The material must be able to withstand all the different CTEs of the other materials in the package. Combined with the requirement to withstand vibration and yet be rigid enough to hold the whole component together, this greatly restricts the number of suitable materials.
Given the stringent requirements, it is not surprising that the industry has gravitated towards a relatively few materials. It has been commented that all material suppliers use one base resin which originates from a single source, so there is an obvious threat to supply! The main material used is an orthocresol-novolac epoxy such as Sumitomo 6300.
A different material, with a base of bisphenyl-epichlorohydrin epoxy, has been making an entry since 1994. This is more expensive, but makes possible a reliable thinner package. There is however a processing hazard, in that the material sticks well to the mould!
Moulding compounds contain a range of different additives:
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Mould wire sweep or ‘bond scouring’ (Figure 9) is non-elastic deformation of the bond wires caused by the force exerted by the viscous polymer as it flows into the cavity. Because of the nature of the bond wires, differences in design, and factors affecting the polymer flow, apparently similar packages may suffer substantially different degrees of mould sweep.
A typical criterion for mould wire sweep is that, when examined using X-ray techniques, any bond wire should not be closer than 250µm to its adjacent lead finger. As the measurement of every wire becomes very tedious, the sampling plan should take into account that the four corner wires are generally most susceptible to sweep, the first unit to fill may have swept wires.and the last unit to fill generally has the most severe sweep.
Controlling sweep is a complex function of the bond material, the device design, the melt properties of the polymer, the mould design and the moulding parameters, as is shown in the paragraphs below. It must be remembered however that the choice of moulding process involves issues other than wire sweep, and the results must be balanced against other constraints, such as moisture resistance and surface finish.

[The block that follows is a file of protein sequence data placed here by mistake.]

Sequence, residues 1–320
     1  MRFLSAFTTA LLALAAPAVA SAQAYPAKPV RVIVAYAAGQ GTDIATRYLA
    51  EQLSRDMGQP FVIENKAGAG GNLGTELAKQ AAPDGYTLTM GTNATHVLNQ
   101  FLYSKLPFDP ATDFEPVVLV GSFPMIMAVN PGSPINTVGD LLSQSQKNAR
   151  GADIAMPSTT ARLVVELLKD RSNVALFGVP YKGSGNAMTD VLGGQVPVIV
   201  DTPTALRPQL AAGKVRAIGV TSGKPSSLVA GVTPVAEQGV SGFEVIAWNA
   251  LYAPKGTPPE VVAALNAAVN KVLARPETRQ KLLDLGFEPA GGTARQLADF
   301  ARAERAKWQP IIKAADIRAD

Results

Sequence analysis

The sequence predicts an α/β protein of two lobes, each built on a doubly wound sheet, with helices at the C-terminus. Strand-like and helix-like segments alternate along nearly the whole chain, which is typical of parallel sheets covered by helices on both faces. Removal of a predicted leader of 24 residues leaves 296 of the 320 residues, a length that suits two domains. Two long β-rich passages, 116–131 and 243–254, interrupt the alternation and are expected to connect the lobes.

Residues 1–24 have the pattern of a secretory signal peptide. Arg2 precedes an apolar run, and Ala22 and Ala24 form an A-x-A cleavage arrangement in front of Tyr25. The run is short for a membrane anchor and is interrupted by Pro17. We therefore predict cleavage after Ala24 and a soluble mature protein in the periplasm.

The stress-strain curve for annealed pure gold is unusual: even very low strains result in plastic deformation, which is retained as permanent ‘set’. Adding trace amounts of beryllium extends the elastic region to around 80% of ultimate strength (Figure 10) and wire of this type is resistant to mould sweep until its yield strength is exceeded.
The addition of trace amounts of beryllium gives the gold a more extensive elastic region before the curve departs from Hooke’s Law
Such wires will tend to pull back to their pre-mould positions before the compound cures, although the extent to which they can actually move will depend on the viscosity of the gelling resin.
Arguably the most significant factor affecting the ability of the wire to resist sweep is its diameter, but bond design is also important as long wires distort more, so both lead-frames and die bond pads should be designed to control bond length.
Tay showed that better results are obtained with the die surface at or below the level of the tail bond (Figure 11), and with a reversed or standard loop rather than a parabolic loop. Appropriate shaping of the wire bond produces different flow distributions and alters the incidence of wire sweep and lift off problems during moulding.